Fieldstone Foundation - Rock Crumbling

I have a problem with my fieldstone foundation. One of the large interior rocks (3’ x 2.5’) in the foundation wall is starting to crumble and the rock is weak. Half of the rock has fallen away and the remainder is not structurally sound. Unfortunately, the rock contains a large amount of metal or minerals and they appear to have oxidized over the years. The house was built in 1895 and is located in Massachusetts.

Is this a common problem with fieldstone foundations?

What solutions are available for this problem?

Picture of rock in wall.


Angled view of wall.

Close up of rock.


Note. The rest of the foundation is in really good condition. The basement doesn’t flood and has low humidity.

Dean if I saw this during an inspection I might call it out as needing repair but overall it is a very small area and not a structural concern. Repair would include removing all loose or degraded rock cutting back the face about two inches to allow for repair material, and undercutting the edges so a repair can lock into the surrounding rock. Fill the space with hand packed hydrolic cement which will expand and lock in when drying.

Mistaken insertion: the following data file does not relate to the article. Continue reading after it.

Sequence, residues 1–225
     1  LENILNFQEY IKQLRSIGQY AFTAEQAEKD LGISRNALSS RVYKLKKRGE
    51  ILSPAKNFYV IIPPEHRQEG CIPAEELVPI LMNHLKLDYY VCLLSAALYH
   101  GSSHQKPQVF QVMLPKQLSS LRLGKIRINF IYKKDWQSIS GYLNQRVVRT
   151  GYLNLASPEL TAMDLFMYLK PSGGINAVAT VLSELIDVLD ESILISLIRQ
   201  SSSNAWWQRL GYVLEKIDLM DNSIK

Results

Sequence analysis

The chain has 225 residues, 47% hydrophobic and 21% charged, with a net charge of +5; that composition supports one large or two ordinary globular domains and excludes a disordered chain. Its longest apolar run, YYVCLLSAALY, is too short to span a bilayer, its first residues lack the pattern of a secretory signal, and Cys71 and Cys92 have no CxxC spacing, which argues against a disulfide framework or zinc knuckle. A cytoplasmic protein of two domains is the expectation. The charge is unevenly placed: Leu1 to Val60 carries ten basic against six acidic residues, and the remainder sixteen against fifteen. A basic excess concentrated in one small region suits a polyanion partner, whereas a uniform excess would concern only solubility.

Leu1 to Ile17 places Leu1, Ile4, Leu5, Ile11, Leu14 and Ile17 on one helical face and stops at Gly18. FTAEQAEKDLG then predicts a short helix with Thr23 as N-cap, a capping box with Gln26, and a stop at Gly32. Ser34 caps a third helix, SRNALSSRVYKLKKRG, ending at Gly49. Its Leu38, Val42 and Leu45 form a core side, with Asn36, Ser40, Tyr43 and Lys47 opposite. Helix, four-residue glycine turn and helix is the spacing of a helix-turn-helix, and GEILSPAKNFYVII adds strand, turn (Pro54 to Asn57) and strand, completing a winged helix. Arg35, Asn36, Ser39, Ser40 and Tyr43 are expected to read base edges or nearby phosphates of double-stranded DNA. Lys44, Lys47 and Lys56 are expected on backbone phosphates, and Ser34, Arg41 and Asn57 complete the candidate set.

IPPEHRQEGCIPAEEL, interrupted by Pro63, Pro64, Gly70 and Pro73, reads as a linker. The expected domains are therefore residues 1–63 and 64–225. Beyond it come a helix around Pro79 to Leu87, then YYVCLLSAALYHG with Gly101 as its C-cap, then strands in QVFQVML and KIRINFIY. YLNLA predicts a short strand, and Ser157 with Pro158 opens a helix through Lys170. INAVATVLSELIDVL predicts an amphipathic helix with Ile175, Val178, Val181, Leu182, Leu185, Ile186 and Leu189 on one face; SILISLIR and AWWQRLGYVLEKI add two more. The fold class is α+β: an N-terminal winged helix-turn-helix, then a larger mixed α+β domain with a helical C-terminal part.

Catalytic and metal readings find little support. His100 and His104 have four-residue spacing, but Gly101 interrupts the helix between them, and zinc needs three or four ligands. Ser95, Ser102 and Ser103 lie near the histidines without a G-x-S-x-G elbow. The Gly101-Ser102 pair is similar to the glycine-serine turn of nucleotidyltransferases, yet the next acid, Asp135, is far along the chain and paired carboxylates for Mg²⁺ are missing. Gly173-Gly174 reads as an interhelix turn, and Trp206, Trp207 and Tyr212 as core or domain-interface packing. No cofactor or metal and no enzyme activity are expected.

Thanks for this helpful information. I’m glad the rock isn’t a structural concern. Removing the degraded rock, and cutting back to allow the new cement to lock into the surround rock makes sense.

My biggest concern would be to use hydraulic cement. The foundation is made of old lime mortar. Would the hydraulic cement be too hard and over time cause more problems?

One thought would be to use lime mortar on the rocks/edges around the spaces, let dry and then pack the hydraulic cement inside?

Image of what I’m thinking

Dean, do it as Bruce suggested, but do not use hydrolic cement, use lime mortar to make the repairs

Dean… call a professional Mason in to perform proper repairs based upon an “in-person” evaluation of the situation. It is impossible to give accurate recommendations from photos on the internet!


Your thinking is correct.
You have a problem, which is the rock breaking down.
But what is the issue?

The rock can not be sealed 100% and can not be removed and replaced (easily).

Lime mortar is sacrificial material which protects the foundation material.
Sealing the rock will likely cause more problems (as we seen in the photo). The coating of the wall is not helping.

You need to try to determine the “Problem” (look around, starting at the roof or your neighbors yard). Granite does not break down like limestone does here. Find what is causing it and address it, rather than concerning yourself with the rock repair.

Though your soil is sandy and drains well and the CS is dry, moisture is likely the problem. Being dry, the CS will increase moisture movement through the wall. This leaves mineral deposits behind which increases the moisture movement. These deposits produce a significant pressure and will crack Granite.

More information needed.